To experience the latest work of Nicole Chesney is to lose oneself to a dream or somnambulistic state of mind with the longing or craving of beauty and serenity. Her newest exhibition, Demiror, which means a state of desire and admire, opens at the Friesen Gallery as a solo exhibition in early August. It is the result of more than a year's dedication to an intense and precise art process that without fail embraces and captures the imagination...
Warm breath on cool glass, the plays of cast shadows and light on a wall, falling feathers, a whisper—mysterious, gentle signs of life that invoke visceral, emotive responses. I imbue my paintings with their own distinct vitality similar to these subtle, often unnoticed whispers. Created from layers of oil paint on etched, mirrored glass, these paintings envelope viewers in a seductive, mysterious space. Their reflective, shining, richly saturated surfaces are unapologetic in their beauty and desirous, jewel-like appeal. Yet they never remain stable—the constantly changing ray of incidence and ray of reflection on their mirrored surfaces makes each visual encounter unique and ephemeral. For those that stay, look, and linger, the works slowly, subtly reveal new facets of themselves.
My work explores the relationship between light, space, visual perception, and imagination. The mirrored glass surfaces in these works not only create pieces that are always visually transforming, but also produce an optical depth that beckons viewers in. Viewers see a faint outline of themselves—a dark reflection that varies with the changing light and shade of oil pigment. Mirrors represent the human desire to see and reflect that which is desired. In this light, my paintings reflect back to the viewer their own imagined space—a desirous, inner landscape or an unknowable, future dreamscape. These paintings not only portray these enigmatic spaces, but also are the spaces themselves. In a confluence of abstraction and realism, these paintings are nonrepresentational renderings of abstract spaces. In the words of Coleridge from The Sublime Somnambulist: “The sight of a profound sky is, of all impressions, the closest to a feeling. It is more a feeling than a visual thing, or, rather, it is the definitive fusion, the complete union of feeling and sight.”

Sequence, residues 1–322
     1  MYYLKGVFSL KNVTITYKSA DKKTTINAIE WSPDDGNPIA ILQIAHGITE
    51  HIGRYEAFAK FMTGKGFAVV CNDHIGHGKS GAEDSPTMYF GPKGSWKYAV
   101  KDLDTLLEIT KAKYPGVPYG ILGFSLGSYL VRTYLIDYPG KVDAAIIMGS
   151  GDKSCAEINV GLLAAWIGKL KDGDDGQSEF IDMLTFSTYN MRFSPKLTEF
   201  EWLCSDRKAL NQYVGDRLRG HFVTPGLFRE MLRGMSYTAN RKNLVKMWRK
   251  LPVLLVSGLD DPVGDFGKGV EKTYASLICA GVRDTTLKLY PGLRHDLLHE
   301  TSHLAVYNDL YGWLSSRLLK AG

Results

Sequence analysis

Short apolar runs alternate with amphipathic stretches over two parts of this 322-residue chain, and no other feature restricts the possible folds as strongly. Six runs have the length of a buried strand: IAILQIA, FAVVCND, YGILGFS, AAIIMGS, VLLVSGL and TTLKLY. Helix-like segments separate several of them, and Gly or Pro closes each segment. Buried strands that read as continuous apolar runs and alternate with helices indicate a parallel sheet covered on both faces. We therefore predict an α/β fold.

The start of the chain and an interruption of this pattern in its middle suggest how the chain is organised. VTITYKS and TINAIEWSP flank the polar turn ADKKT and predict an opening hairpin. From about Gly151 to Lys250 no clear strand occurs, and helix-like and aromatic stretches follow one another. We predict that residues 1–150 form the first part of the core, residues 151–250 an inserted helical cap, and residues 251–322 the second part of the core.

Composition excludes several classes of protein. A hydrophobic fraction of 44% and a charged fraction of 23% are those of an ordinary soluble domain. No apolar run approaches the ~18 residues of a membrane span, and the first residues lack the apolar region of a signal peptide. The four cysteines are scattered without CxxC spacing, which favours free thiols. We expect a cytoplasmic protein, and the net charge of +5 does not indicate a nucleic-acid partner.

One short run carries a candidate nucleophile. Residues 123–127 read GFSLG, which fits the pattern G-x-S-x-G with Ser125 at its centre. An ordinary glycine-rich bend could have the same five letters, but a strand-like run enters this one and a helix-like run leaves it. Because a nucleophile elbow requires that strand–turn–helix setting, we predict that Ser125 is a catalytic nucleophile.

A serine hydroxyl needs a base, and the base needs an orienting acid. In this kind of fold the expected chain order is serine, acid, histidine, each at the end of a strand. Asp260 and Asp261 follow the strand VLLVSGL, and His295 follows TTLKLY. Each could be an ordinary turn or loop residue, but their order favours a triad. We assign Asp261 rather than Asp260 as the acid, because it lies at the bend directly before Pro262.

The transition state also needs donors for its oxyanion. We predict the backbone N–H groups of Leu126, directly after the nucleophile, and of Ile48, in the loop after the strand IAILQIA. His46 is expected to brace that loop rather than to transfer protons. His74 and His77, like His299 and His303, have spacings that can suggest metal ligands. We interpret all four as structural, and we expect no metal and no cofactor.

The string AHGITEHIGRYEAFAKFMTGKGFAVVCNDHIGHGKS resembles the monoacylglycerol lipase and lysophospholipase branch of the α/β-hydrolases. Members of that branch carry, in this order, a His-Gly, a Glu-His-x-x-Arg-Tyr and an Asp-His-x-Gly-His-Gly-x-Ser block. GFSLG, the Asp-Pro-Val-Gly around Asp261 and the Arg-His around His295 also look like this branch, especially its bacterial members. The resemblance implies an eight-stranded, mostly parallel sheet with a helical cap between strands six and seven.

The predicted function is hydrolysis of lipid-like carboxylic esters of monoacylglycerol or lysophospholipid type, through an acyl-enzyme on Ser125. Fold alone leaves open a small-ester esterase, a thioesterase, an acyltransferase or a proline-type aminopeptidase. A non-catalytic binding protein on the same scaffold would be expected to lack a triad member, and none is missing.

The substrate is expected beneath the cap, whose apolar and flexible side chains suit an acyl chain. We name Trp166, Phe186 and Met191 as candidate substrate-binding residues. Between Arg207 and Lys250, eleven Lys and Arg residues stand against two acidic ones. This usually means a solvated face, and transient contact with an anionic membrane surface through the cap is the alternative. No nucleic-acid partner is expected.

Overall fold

Art historically, I am inspired by numerous varied sources, some of which include: Giorgio Morandi’s depictions of light and shadow; the soft, shimmering paintings of James McNeil Whistler; J.M.W. Turner’s landscapes; the emotive color fields of Mark Rothko; the subtle marks of Agnes Martin; the exploration of perception by artists associated with the Light and Space movement; and the sculptures of Anish Kapoor. While I take influence from various artists associated with Abstract Expressionism, my work in many ways reacts against the noisy, boisterous paintings championed by the protagonists of that movement. Rather, my work explores and in turn reveals the understated, ephemeral aspects of our world—whispers, innuendo, and intimacy—and offers a space for their contemplation.